Say we have a row in CSV that look like so:
| is out encapsulator, and
, is out delimiter (as you might expect).
But say you have some code that needs to have these empty fields filled in, and instead you want to transform this row into something like this:
(We can deal with the trailing comma later) I have tried to use this sed command over this CSV to get the desired result:
However, the regex patter
,, is not zero width, so as it scans over the line, it moves two along, even though we've only dealt with one field. The result is something like this:
The issue is that when we get this far in the substitution:
We've already 'dealt with' the commas around our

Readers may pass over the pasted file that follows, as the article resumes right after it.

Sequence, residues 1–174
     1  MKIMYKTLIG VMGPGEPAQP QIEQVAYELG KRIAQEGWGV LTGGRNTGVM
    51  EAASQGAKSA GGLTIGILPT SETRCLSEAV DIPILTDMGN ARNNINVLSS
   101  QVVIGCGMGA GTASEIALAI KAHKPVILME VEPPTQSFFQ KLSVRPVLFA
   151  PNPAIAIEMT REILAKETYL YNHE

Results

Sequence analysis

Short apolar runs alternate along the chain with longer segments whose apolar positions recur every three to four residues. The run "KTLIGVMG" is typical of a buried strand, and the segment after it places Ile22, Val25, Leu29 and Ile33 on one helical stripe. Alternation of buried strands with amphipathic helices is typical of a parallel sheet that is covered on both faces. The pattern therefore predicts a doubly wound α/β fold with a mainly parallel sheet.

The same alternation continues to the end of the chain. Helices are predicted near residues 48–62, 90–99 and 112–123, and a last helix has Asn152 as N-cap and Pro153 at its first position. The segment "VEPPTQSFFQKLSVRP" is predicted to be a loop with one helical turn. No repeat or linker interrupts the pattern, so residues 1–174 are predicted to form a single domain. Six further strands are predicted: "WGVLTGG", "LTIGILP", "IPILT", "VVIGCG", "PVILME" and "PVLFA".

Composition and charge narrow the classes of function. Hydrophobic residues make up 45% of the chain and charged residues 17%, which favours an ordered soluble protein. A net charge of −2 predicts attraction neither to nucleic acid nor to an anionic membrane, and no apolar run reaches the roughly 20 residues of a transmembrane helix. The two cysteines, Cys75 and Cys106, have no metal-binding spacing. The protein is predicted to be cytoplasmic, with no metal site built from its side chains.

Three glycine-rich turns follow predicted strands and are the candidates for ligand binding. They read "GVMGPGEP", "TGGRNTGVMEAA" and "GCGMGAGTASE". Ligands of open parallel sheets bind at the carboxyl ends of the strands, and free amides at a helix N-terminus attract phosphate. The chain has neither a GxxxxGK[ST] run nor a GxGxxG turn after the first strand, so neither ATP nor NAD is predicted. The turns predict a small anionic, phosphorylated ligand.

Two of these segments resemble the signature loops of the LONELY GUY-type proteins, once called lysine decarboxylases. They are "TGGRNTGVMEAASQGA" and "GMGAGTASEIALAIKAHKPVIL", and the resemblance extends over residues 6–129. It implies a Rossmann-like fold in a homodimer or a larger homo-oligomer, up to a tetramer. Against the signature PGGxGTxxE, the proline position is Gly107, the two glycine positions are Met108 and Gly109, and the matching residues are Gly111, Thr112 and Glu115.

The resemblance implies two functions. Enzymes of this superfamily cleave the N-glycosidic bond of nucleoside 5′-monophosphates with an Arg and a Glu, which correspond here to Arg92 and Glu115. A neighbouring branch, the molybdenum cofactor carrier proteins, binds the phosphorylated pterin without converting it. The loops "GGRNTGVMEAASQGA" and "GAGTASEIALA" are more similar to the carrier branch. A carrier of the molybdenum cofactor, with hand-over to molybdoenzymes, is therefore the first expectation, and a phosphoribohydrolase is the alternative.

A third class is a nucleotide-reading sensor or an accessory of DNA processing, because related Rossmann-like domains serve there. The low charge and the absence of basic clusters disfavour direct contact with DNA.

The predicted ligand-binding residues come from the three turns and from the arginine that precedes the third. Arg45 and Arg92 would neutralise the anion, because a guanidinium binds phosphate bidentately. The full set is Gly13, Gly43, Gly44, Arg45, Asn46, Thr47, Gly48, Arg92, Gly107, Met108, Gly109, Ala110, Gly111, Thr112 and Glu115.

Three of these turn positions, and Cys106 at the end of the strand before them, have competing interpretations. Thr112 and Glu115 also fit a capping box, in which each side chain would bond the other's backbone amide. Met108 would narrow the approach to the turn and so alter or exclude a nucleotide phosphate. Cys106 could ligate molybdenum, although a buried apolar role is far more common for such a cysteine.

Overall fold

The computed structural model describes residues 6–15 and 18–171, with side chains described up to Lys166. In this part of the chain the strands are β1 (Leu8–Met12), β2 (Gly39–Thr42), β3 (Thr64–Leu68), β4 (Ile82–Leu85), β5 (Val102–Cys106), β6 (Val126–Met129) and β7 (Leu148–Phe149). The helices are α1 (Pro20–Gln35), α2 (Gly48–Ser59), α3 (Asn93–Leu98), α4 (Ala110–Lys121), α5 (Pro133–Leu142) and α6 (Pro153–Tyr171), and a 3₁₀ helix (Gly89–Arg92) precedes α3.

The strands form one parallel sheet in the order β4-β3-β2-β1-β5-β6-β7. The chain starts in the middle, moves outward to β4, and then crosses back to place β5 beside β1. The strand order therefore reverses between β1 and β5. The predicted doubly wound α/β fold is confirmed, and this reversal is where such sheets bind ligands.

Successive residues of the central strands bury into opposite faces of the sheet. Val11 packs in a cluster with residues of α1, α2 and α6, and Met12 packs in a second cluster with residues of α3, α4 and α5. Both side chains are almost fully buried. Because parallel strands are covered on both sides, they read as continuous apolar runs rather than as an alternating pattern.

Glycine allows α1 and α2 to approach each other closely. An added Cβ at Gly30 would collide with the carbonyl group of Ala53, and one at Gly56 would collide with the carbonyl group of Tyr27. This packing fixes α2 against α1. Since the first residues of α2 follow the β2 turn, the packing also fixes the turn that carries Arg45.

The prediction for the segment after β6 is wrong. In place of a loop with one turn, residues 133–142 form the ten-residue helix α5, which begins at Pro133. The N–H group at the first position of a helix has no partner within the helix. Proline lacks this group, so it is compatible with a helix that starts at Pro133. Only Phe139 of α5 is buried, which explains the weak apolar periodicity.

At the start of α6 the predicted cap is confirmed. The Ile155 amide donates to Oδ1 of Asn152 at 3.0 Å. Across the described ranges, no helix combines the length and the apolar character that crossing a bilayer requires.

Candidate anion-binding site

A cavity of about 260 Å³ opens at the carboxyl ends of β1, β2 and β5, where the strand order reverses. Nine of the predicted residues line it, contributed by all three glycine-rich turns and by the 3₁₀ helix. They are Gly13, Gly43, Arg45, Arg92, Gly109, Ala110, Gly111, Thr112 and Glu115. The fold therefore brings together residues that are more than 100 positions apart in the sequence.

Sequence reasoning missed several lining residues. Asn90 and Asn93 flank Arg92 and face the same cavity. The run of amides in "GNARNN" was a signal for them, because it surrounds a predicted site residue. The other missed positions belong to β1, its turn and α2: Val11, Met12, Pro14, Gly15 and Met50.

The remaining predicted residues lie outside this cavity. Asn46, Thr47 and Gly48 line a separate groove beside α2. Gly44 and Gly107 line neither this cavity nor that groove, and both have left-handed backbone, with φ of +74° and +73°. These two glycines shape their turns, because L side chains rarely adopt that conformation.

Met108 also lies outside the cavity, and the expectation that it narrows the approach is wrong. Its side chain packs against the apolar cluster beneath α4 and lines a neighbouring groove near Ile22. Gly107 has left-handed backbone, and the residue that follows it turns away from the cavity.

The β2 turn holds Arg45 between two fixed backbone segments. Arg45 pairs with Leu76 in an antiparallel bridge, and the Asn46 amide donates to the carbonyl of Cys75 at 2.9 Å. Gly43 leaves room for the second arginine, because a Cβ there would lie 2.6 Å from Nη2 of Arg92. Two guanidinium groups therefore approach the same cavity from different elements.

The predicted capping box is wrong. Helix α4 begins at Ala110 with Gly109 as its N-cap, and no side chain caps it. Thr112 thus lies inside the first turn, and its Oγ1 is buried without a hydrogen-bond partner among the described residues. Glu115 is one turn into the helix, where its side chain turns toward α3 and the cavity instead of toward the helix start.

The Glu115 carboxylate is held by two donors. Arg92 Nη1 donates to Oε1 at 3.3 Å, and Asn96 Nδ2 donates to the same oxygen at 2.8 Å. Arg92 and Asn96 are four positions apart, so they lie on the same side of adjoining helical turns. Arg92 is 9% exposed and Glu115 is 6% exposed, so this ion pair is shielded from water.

||, and we move onto the next pair after the last comma we regexed, which doesn't involve the last one of
How can I make this substitution using sed?
A more elegant way is to use conditional branching:
$ sed ':a;s/,,/,||,/;ta' <<< '|Foo|,,,,,,,,|Bar|,,,,,' |Foo|,||,||,||,||,||,||,||,|Bar|,||,||,||,||,
If a s/// has done a successful substitution since the last input line was read and since the last t or T command, then branch to label; if label is omitted, branch to end of script.